When we sat down with my mama in one of the quaint cafes for a moment of relaxation and charging batteries with a cappucino and a carrot cake, I knew the visit to Bath couldn’t be complete without one more place. I told my mama to wait for me and I ran to a place round the corner. I saw its top floor and I just knew we had to do it. We were going to have a bath experience, just like the Romans did, in the thermal waters of a pool on a roof.
When I ran back to my mama, she didn’t know what surprise I had prepared for her and she only realised what it was going to be when we entered the buildig of the Thermae Bath Spa. We received the towels, robes and flip-flops and we could now use all the floors with the downstairs pool first and then saunas and steam rooms. My mama was not very enthusiastic about the whole experience and it’s because, as she told me before entering the pool, she hadn’t been in one for 40 years and she can’t swim! I had to get her some sponge floating stick and hold her hands all the time. But when we entered the pool on the roof, I felt as if I had arrived in Heaven. The warm water was evaporating gently, giving it a heavenly feel and the view of the Bath Abbey and Georgian houses gave it an incredible charm. Yess. I thought, It had always been my dream to swim in an outside pool on a roof and here I was with my beloved mama in healing thermal spring waters, just like the Romans. We couldn’t take any pictures unfortunately so the one below is from the official page. Not only did I make my dream come true, but I also had a chance to give an incredible memory to my mama. Because she deserved it.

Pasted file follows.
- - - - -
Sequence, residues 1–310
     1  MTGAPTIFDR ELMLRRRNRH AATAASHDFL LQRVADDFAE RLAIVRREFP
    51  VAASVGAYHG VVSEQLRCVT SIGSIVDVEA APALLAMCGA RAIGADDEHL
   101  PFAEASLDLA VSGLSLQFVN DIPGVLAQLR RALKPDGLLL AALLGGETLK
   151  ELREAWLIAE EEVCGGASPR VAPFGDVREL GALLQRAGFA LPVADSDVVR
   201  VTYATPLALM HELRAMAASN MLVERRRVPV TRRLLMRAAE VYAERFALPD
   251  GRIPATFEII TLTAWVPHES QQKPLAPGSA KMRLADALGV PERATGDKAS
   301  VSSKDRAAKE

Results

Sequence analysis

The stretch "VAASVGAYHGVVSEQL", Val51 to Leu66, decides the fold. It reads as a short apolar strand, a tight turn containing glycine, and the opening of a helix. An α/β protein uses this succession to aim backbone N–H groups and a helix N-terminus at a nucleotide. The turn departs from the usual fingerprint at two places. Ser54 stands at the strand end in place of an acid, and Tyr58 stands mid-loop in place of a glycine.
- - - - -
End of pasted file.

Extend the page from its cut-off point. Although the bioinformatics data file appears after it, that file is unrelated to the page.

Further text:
After 8 pm we had the last shuttle bus to the Park and Ride so we strolled through the empty streets, admiring the arcitecture, which was now even more beautiful in the dance of shadow and light from the setting sun.
All in all, our visit to ancient Bath was incredible. I hope I will be able to go back there and see so many places that we didn’t have time for. This place had a great atmospere, despite many tourists, and the variety of historic and modern activities made it very entertaining. I hope you will be able to experience it one day too. Au revoir for now!
If you would like to read my tue story ‘Polish Girl in Pursuit of the English Dream’ it is available on this page with an autograph written with a quill pen in Jane Austin style 🙂